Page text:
Exploring the Stories of the Islands and the Freedoms of Third Age

To Silence or Not to Silence?

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The above item on CNN today set me thinking.  This barrier island town in South Carolina has actually banned singing in public.  “Outrageous and absurd!” were my first reactions.  “What killjoys and control freaks” were my third and forth.  After that, I read the article, and although it really doesn’t elaborate much on the headline, other than what you might have predicted, I found myself nodding in agreement.  The reason is this.

Not so long ago I lived on this quite pretty waterfront, which is the harbor in a small village here called Los Abrigos, this photo was taken from my little balcony.

Even when we first arrived on the island 20+ years ago this fishing village was transforming its economy in the face of dwindling fish stocks, and almost all of the harbor side properties had been turned into restaurants – very basic, fish restaurants, supplied by the local boats, some family businesses supplied by brothers and cousins who still took out the boats each day.  Over these years it has been smartened up by the local authority, so that the rough, cobbled street alongside the harbor became pedestrianized and sanitized, but in a very pleasant way.  One of the restaurants was sold, and reopened its doors as a very chic and upmarket establishment.  The Promenade was just a sufficiently short stroll before or after dining.  Although behind the waterfront what they call “cement” here went up, these waterfront buildings remained more-or-less the same.  I was delighted when I was able to rent a spacious apartment over one of the restaurants, with this view snapped sitting in the comfort of my sofa.

For some months it was idyllic, every bit as peaceful as I’d imagined.  Then it seemed that a bar next door to the restaurant over which I lived changed hands.  At least, it changed its image, and became a late-night drinking spot.  Several nights a week my dream bedroom, where white gauze curtains fluttered in the gentle evening breeze, and the swish of waves filtering back into the ocean through the tiny, pebbled beach lulled me to sleep became a nightmare room, where I tossed and turned seeking elusive sleep as laughter, loud voices, singing and sometimes fights roused me every time I dropped off.  I can be fairly tolerant, and I tried very hard, for a long time to acknowledge that people have every right to laugh, sing, argue and even fight if they want to, and, yes, I do still believe that…..I just don’t want them doing it under my bedroom window!  So, I moved.  One of the brilliant things about renting, over owning property, is that you can do that.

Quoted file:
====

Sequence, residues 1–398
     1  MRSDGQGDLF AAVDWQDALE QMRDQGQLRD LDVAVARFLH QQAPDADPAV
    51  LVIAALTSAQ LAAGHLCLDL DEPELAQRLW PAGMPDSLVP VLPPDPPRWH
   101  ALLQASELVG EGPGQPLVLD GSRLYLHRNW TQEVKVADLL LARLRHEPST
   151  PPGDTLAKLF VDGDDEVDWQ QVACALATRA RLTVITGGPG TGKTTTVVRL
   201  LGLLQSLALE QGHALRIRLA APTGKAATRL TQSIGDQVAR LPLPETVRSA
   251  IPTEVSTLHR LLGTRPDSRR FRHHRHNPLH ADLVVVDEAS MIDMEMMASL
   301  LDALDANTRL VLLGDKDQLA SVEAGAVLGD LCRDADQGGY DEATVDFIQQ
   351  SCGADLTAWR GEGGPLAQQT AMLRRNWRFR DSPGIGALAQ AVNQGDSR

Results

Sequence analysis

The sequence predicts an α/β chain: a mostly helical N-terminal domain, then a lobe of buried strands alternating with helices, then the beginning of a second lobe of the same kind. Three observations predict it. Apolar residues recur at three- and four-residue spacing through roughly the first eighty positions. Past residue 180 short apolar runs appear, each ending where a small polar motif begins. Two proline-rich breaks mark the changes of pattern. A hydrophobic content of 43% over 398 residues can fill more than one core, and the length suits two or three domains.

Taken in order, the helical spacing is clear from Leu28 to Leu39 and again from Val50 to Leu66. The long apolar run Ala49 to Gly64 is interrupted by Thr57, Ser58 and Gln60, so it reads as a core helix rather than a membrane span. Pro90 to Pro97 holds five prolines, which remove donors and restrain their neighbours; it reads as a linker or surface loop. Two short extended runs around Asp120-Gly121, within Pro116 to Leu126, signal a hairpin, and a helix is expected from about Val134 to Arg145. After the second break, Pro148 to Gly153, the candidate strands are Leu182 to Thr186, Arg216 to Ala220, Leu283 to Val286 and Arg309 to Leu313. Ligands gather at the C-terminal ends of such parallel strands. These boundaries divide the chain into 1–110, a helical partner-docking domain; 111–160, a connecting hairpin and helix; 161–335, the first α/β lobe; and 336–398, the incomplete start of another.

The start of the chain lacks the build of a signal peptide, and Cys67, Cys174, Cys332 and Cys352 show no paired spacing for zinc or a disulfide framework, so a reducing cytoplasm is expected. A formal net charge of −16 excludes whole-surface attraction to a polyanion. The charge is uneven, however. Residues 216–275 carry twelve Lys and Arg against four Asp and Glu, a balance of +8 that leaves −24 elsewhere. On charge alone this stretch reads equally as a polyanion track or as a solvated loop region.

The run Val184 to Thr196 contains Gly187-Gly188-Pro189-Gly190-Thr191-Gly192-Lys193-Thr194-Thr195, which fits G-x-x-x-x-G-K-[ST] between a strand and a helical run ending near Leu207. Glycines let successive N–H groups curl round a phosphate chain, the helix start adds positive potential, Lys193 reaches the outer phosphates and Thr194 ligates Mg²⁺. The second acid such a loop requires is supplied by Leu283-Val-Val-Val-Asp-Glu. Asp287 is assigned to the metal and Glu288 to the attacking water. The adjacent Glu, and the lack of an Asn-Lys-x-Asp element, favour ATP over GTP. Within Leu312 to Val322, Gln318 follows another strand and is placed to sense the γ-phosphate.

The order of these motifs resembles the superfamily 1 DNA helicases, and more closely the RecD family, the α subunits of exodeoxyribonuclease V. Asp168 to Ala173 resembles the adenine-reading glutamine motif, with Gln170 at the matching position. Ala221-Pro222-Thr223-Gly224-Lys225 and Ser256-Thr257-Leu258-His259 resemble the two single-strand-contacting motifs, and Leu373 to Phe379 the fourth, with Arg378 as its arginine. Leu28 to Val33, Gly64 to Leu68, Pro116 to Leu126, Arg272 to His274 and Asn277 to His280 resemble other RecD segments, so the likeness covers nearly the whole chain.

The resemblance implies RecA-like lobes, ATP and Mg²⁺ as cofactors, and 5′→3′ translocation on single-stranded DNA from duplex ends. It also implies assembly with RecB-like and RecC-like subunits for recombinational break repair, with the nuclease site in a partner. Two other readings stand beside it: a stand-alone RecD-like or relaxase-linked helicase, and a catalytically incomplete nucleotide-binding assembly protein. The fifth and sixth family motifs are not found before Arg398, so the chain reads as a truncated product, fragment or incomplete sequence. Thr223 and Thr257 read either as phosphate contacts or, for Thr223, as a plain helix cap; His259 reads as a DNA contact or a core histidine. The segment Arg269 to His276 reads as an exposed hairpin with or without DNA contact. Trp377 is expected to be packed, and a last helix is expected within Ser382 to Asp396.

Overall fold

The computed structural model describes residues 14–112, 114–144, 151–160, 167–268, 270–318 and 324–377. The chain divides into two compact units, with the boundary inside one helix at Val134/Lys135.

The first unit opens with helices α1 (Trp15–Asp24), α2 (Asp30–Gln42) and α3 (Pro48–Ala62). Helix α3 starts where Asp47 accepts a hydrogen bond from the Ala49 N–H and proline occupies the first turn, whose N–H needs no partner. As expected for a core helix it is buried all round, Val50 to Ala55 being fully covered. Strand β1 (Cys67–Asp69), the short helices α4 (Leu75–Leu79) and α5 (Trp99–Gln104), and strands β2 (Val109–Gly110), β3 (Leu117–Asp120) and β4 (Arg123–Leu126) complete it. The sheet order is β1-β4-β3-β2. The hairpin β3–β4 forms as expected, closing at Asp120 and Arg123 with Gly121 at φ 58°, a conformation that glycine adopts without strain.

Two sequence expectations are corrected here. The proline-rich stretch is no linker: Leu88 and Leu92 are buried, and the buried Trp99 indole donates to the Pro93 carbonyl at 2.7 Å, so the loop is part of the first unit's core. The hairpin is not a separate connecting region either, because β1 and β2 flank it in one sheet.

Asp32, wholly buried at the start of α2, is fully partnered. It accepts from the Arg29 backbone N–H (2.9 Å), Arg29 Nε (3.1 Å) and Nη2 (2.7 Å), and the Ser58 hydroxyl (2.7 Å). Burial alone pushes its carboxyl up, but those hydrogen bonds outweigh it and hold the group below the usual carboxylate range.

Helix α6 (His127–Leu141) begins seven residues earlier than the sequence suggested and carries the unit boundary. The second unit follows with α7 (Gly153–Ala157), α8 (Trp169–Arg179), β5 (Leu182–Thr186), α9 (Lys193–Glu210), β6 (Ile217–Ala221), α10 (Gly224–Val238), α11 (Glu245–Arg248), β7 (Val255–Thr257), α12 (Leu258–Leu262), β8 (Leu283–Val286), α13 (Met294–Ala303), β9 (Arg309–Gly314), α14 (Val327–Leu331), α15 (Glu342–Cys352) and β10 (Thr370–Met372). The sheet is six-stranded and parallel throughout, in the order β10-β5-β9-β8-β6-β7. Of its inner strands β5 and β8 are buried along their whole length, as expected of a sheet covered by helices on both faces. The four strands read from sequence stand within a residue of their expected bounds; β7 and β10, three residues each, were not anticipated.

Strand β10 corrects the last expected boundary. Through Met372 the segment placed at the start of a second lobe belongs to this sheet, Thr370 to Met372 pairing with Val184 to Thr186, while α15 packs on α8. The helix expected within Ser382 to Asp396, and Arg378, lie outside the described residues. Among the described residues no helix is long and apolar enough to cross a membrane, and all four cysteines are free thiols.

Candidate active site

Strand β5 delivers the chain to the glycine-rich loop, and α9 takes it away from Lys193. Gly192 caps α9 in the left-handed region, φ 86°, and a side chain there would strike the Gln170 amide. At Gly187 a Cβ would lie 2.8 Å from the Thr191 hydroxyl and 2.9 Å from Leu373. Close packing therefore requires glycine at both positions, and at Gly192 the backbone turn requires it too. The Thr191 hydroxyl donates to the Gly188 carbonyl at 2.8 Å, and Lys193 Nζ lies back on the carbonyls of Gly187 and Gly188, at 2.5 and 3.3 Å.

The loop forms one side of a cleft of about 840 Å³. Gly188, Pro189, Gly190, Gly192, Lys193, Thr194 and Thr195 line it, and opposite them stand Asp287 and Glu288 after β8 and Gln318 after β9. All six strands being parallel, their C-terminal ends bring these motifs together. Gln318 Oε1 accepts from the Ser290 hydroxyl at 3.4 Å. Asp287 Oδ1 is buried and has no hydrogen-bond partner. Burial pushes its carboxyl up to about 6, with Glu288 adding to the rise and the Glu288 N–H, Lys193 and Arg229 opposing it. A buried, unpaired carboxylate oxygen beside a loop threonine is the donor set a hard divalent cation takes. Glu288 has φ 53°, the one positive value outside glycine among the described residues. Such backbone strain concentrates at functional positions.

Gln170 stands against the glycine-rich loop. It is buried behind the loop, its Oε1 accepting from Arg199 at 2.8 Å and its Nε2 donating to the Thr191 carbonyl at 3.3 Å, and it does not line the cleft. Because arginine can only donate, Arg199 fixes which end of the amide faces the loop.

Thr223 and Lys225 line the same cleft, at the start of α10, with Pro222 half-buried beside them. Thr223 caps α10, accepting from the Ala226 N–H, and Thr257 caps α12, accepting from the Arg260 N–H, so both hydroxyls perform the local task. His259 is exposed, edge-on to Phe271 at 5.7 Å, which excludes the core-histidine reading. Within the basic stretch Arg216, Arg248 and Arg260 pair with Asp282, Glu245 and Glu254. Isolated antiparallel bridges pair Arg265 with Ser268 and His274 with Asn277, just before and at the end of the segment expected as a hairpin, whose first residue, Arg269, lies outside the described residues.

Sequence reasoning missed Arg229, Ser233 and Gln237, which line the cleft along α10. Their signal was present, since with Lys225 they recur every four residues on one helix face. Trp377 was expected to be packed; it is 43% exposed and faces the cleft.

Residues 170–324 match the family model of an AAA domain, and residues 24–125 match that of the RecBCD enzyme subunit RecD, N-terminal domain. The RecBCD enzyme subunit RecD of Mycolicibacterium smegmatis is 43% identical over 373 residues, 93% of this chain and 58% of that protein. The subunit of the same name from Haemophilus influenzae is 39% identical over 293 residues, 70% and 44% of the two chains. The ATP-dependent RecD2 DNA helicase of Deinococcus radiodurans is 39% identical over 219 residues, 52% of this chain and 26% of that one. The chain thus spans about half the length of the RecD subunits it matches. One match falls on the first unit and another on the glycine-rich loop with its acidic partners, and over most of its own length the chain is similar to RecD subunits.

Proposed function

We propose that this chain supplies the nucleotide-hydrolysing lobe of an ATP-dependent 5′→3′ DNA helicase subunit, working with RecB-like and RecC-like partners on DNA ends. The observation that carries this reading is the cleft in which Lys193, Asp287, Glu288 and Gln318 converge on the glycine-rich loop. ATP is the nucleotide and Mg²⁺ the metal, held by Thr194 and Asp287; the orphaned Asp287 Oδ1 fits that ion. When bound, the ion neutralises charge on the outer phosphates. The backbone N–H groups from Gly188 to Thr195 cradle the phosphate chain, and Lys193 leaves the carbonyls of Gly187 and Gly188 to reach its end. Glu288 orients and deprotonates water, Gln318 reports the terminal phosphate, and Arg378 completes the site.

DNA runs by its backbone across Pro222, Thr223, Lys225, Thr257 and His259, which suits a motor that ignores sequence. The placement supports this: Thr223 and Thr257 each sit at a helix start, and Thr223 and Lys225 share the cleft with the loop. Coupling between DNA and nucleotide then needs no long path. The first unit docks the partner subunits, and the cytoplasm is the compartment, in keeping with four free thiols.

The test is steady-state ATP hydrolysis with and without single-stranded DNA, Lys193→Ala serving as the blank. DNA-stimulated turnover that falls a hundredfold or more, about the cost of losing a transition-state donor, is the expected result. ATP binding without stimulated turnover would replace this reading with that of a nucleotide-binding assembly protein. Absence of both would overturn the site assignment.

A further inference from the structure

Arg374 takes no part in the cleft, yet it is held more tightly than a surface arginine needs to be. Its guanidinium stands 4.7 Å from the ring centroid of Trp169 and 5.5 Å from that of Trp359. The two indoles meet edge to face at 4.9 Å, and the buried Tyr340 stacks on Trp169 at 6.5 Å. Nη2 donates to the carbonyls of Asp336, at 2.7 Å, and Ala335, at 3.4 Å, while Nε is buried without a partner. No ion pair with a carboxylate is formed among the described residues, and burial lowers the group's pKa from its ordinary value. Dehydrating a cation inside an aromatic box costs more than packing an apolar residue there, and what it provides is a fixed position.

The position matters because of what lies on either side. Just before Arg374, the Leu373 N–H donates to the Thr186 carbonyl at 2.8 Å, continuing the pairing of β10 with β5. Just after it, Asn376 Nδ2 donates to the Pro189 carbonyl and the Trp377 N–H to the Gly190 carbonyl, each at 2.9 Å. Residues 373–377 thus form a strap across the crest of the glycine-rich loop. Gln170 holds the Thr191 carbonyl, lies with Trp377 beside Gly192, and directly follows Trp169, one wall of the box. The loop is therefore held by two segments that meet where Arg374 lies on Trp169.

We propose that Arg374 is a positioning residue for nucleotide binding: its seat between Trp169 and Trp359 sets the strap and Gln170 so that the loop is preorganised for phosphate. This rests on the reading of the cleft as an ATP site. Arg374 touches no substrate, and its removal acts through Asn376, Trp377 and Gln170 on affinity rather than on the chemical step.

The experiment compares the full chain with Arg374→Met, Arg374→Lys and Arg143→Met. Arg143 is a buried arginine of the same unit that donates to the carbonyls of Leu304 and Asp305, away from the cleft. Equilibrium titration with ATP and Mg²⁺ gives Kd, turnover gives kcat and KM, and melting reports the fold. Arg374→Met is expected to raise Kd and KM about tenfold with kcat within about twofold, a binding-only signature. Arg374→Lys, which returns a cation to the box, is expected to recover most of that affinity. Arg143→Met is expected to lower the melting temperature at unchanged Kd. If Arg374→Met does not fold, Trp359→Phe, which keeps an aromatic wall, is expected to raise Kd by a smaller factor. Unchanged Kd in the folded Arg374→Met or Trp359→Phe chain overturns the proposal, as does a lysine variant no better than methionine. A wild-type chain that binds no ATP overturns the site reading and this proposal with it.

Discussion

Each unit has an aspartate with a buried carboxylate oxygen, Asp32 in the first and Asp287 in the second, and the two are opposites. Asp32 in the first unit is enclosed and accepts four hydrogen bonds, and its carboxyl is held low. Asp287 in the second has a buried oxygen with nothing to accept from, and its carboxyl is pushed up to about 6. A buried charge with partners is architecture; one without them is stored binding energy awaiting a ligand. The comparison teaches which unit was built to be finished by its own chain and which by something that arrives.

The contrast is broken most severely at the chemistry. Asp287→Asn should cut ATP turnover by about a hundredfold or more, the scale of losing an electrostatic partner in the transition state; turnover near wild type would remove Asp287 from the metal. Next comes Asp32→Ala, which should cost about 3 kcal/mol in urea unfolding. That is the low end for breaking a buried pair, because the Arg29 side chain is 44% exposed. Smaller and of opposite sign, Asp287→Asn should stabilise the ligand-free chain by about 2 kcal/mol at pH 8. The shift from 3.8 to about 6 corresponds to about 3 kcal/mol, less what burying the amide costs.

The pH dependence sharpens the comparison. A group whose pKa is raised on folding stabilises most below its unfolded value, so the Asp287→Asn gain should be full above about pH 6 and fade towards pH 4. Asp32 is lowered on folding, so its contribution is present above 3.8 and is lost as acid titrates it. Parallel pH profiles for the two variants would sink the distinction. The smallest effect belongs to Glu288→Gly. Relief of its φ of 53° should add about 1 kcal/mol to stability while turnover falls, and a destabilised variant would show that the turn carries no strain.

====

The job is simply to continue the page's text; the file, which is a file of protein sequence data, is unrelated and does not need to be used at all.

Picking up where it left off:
What I think now is that, yes, we all like to make noise in some form or another, whether it’s cheering on our team (certainly wasn’t quiet around here last night when Argentina were playing!), playing rock ‘n’ roll or letting our kids run around shouting as they splash in the swimming pool (when that gets too much for me I shall move on from here too!), but that there should be places where we can be quiet.

For years in my youth, I debated whether I was a city girl or a country girl (it seemed important back then that I stuck some sort of label on myself), and my final answer, as I grew up, was that I am a bit of each.  I love the buzz and  energy of cities, but I also love the tranquility and peace of the countryside, and I think that we should preserve the latter.  A couple of weeks ago I came across this blog post, which was featured here on WordPress’s Freshly Pressed front page Do click on the link to that Gordon Hempton article which is fascinating.  Basically, apparently, there isn’t a square inch of Europe which is free from noise pollution, which means, I think, that even on top of Mont Blanc you will hear planes passing overhead.

I suppose that post started off the train of thought which has brought me here today, still musing.  What I really would like is to be able to choose, to be able to turn noise on or off, but that isn’t really practical.  Even if this apartment block was declared a noise-free zone, there would still be noise from down the street, we are so many now in the “civilized” world, and we live cheek by jowl, even on these islands, where perhaps one day we may run out of space!  So the more I think about it, the more the thought of living on Sullivan’s Island appeals to me!  Of course, if I were wealthy enough to live there, then I could always nip up to New York from time to time for my share of hustle and bustle.


Author: IslandMomma

Exploring island life and the freedoms of Third Age: Challenging myself every day: writing, traveling, snapping pix, running & teaching ESL

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